Yes, this "so" is an anaphor and it demands an antecedent. Normally, an antecedent precedes the anaphor -- which is the reason we call it an antecedent. However, there is a case when the so-called antecedent follows the anaphor in sentence structure. Your first example is a good example of that case.
The "so" appears in a subordinate clause. It's antecedent appears in the main clause.
The subordinate nature of "if you so desire" sets up the expectation that a main clause -- a clause that comes before it in importance if not in word order -- will contain the antecedent. In the main clause of your examples, "[to] download the content" is the nature of the desire. That is the antecedent of "so".
We could paraphrase the example by including the antecedent in the subordinate clause and leaving the anaphor in the main clause, if the subordinate clause occurs first in the word order:
If you desire to download the content, you may [do so].
The anaphor must come second. It can be second in word order or second in clause importance, but it must be at least one of those. The anaphor fails if it comes first in both those considerations:
You may [do so] if you desire to download the content.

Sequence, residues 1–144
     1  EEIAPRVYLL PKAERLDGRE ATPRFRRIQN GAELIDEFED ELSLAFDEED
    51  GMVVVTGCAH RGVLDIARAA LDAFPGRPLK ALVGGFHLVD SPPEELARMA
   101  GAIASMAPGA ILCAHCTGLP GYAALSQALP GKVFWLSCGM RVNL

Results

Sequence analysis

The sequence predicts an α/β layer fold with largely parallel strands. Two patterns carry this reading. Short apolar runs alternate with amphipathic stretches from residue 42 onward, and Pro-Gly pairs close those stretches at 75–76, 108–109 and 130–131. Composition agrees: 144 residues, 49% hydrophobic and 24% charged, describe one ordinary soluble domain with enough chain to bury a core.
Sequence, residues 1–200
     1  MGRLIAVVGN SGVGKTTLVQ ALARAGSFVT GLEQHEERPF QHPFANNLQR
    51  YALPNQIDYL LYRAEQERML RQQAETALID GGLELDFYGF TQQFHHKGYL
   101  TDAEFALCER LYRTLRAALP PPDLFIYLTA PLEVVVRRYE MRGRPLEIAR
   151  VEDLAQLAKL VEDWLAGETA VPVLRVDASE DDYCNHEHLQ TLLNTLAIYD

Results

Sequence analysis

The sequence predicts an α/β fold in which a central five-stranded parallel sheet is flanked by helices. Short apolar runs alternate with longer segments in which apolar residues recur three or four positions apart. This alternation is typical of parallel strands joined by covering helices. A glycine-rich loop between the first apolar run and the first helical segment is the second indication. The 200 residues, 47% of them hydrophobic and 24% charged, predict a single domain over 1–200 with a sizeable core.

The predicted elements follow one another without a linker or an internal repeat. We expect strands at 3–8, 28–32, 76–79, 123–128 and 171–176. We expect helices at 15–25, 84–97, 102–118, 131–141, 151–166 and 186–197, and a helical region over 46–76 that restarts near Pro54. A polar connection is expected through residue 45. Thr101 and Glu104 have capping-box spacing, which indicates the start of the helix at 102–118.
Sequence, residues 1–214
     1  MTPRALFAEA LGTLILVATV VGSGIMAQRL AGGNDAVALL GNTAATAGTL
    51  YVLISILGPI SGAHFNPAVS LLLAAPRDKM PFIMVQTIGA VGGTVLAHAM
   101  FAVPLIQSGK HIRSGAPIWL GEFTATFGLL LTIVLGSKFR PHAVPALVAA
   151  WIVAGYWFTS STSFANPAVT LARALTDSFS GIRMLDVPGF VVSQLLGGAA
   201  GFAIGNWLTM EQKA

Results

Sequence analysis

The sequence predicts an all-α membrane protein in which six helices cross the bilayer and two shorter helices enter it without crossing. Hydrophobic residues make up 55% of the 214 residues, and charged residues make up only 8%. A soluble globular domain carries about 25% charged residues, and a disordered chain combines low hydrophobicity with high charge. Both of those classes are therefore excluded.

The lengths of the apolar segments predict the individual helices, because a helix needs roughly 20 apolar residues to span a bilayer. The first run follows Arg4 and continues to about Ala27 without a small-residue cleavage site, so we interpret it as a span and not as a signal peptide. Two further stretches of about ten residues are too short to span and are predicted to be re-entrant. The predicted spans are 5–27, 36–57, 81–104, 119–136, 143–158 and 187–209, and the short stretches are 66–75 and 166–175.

In this sentence, the "[to] do so" (or even just the bare "may") does not refer to "to download the content". It has to refer to something else, most likely to something from the prior sentence.
Both of your original examples are correct. The first one is correct because the clause containing the anaphor is second in importance, and we know that a more important clause must follow and must contain the antecedent. The second one is correct because the clause containing the anaphor is second in word order, and we know the antecedent of "so" before we reach the anaphor.
The second example is easier to understand and easier to explain, but it is not more correct than the first. Both examples are correct, both examples can be understood, and both examples can be explained.